CHILDREN AND GRIEF
Children grieve. No matter how young, they sense the loss even as infants. It is important to include children in your conversations and your decisions. Let them see your emotion and encourage them to express theirs. Let them ask questions – lots of them. And answer them honestly. If you don’t know the answer to a question tell them so. What you don’t tell them, or what they think you are hiding from them, they will make up. They’ll fill in the gaps. Commonly their imaginations will be worse than the reality.
Ministers and funeral homes usually have books on death written for children that you can borrow. Often they help us adults just as much!
Be sure to alert your child’s teacher or principal when there has been a death in your circle of family or friends. Children will commonly act out in unusual ways (become aggressive, or passive, begin to do poorly in school work, etc). If the teacher knows about the recent loss, he or she can help your child talk about it.
HELPING SOMEONE WHO IS GRIEVING
One of the blessings of grieving is the care and support family and friends offer us. It can also be one of the curses!
If you are caring for someone who is grieving please remember that there are no easy answers or solutions. And please be conscious about not offering simple platitudes. To say, “You’ll get over this.” or “God must have needed a good person up there.” really do not help. For starters, one never “gets over” the loss – one learns to live new ways; and God never wills harm or hurt upon us – God doesn’t “take” us away. You can’t fix what has happened, you can’t explain it away, and you can’t fully understand what your friend is experiencing.
The best way to be of help is to simply “be”. Be available. Listen (don’t talk!). Encourage your friend to talk by gently reflecting, in a few words, what you have heard them say. Rather than say, “Call me if there is anything I can do.” notice things that need to be done and say, “I’ll do ... “ If invitations are constantly rejected, don’t give up. And if your friend expresses anger with you, don’t take it personally. Your friend needs you now whether he or she knows it!
A PRAYERHere is a prayer that our minister often uses at funerals. Find a quiet space where you can be still and centre yourself. As you read the prayer, pause with each part and consciously hold yourself and the ones for whom you are praying. Eternal God, you have set us in this vast universe,and within the mystery of time whose currents bear us more swiftly than we knowto that which we call death.When we try to grasp your purpose in it all,we must confess how little we really do know,even as we marvel in wonder.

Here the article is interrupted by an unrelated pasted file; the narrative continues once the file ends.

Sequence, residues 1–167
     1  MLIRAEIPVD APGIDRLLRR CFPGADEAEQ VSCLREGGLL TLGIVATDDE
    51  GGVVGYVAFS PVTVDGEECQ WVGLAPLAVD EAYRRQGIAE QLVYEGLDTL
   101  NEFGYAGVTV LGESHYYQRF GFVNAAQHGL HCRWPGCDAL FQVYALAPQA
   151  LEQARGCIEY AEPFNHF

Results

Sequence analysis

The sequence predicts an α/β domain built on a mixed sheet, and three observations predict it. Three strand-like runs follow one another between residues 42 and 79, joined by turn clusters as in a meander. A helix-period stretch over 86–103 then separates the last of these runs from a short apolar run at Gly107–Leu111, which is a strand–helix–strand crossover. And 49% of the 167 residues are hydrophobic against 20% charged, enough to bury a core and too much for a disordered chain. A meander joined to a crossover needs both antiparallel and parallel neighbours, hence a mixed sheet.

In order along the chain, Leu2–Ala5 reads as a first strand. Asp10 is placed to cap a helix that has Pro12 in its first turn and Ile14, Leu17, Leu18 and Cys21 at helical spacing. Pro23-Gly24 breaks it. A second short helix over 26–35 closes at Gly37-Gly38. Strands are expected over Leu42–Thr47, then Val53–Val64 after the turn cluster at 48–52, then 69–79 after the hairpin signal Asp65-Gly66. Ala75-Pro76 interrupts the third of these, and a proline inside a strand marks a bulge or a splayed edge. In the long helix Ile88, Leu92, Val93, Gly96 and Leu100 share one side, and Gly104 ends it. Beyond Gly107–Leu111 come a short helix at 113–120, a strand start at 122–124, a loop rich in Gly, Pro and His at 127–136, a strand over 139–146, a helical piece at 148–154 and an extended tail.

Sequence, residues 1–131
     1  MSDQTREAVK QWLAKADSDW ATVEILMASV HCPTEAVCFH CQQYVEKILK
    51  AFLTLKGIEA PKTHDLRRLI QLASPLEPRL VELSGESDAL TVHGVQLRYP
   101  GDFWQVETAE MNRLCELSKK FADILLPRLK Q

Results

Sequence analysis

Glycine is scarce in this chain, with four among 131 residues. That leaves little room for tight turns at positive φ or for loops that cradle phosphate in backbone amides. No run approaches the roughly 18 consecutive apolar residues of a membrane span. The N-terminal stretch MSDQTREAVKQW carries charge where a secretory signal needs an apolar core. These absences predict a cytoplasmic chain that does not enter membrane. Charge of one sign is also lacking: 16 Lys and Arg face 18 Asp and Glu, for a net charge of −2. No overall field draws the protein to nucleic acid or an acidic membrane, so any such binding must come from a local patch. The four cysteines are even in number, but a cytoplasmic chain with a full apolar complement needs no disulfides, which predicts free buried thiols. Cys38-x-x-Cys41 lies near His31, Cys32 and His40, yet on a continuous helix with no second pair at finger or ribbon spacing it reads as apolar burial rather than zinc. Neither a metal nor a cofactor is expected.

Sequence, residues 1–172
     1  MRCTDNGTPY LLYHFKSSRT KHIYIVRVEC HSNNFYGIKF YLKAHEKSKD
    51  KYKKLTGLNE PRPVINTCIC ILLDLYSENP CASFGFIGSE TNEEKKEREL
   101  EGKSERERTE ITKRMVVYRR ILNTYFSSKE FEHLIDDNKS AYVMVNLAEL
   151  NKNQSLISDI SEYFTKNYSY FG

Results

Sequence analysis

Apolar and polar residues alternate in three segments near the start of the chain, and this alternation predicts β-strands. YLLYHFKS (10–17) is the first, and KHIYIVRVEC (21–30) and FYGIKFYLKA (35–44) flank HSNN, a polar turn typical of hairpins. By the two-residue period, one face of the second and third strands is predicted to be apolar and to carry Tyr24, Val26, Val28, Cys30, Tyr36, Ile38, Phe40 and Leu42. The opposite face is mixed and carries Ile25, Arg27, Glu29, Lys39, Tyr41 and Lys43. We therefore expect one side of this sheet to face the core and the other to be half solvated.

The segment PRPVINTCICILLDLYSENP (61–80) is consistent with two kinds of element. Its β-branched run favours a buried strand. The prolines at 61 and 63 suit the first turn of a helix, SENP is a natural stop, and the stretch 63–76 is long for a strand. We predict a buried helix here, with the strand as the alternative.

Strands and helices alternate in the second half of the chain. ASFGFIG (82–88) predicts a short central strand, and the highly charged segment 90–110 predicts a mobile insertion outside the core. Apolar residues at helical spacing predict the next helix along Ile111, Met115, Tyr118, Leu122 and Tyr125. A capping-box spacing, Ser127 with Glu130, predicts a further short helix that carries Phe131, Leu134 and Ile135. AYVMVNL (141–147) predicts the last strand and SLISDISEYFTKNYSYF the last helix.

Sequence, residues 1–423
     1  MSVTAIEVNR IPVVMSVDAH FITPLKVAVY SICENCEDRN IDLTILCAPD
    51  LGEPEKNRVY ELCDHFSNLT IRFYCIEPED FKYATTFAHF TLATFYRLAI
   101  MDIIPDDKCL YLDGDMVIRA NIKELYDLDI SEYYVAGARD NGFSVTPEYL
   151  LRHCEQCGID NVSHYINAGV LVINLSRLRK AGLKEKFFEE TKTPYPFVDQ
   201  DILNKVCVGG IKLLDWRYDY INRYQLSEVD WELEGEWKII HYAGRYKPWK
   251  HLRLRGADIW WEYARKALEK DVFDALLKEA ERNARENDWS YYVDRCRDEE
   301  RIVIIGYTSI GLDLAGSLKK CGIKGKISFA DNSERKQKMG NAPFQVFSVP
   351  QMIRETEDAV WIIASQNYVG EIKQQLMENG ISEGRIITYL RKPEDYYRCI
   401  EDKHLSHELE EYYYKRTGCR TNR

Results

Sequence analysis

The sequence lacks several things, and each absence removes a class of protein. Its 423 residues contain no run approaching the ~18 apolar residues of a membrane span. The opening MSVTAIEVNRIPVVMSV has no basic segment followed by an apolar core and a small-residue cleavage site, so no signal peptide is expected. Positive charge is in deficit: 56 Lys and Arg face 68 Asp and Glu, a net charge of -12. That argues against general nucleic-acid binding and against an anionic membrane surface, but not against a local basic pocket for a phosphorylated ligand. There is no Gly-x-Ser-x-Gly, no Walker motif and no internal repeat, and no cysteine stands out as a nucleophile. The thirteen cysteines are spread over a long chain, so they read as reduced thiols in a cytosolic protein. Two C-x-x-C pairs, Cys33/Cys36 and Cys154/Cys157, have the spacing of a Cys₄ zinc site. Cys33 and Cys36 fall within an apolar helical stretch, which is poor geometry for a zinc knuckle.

The Twenty-third Psalm is perhaps the most poignant and moving of the psalms. The writer expresses steadfast confidence and trust in the presence of God. Even when he or she cannot see where the next footstep shall fall, cannot know what is before him or her, what tomorrow holds, there is a firm sense that the Will, the Power, the Spirit of God remains present, holding, comforting, and guiding one through this valley of shadows into a new day where life will, once again, be whole.The Lord is my shepherd; I shall not want.He maketh me to lie down in green pastures:he leadeth me beside the still waters.He restoreth my soul:he leadeth me in the paths of righteousnessfor his name's sake.Yea, though I walk through the valley of the shadow of death,I will fear no evil:for thou art with me;thy rod and thy staff, they comfort me.Thou preparest a table before me in the presence of mine enemies:thou anointest my head with oil;my cup runneth over.Surely goodness and mercy shall follow meall the days of my life;and I shall dwell in the house of the Lord for ever.Amen.
The Christian funeral practices have evolved (and continue to evolve!) in response to the flood of emotional and spiritual roller coasters death sends us on. The traditional “three days” between a death and the funeral in our tradition allows time to both attend to the “business” that needs to be attended to and to contact and receive family and friends. Setting time aside either at the funeral home or at some other venue to receive people allows us to be reminded that we are not alone and allows our friends to extend their care and express their sorrows.
The time is also important to us because it allows us to name who the person who has died has been, what he or she has meant to us, and what has been good and satisfying in his or her life. In a sense, this “naming” confirms and solidifies the memories and reminds us that this moment of death does not have the last word on life.